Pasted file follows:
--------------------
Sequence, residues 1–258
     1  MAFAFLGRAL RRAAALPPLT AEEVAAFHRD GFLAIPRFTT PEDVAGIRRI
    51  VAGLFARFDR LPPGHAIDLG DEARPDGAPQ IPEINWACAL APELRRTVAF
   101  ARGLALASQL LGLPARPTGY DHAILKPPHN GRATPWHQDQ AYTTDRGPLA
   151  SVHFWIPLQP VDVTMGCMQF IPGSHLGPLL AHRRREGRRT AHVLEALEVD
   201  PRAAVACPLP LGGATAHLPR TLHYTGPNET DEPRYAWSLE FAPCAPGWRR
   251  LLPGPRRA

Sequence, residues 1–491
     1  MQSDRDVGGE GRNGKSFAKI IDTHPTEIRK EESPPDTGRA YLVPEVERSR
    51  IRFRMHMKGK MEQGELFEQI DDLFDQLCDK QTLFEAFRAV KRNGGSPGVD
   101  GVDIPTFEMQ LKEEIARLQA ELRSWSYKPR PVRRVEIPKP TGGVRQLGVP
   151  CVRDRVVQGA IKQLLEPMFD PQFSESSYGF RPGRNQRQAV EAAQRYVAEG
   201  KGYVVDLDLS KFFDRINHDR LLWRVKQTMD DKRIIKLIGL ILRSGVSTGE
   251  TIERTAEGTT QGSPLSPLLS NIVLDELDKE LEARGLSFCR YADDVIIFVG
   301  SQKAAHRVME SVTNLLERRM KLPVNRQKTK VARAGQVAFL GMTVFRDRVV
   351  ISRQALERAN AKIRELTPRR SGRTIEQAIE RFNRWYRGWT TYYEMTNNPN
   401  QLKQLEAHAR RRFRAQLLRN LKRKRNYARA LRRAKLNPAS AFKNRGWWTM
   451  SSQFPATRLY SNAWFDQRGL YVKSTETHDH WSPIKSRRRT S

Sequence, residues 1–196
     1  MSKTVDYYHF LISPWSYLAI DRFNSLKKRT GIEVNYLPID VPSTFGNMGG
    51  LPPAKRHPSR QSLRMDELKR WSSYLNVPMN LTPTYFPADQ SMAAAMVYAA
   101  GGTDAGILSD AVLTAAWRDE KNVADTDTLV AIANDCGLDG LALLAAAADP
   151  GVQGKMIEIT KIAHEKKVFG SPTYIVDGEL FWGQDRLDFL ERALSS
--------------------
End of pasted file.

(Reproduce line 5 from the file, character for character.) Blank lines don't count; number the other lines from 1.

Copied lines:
   151  SVHFWIPLQP VDVTMGCMQF IPGSHLGPLL AHRRREGRRT AHVLEALEVD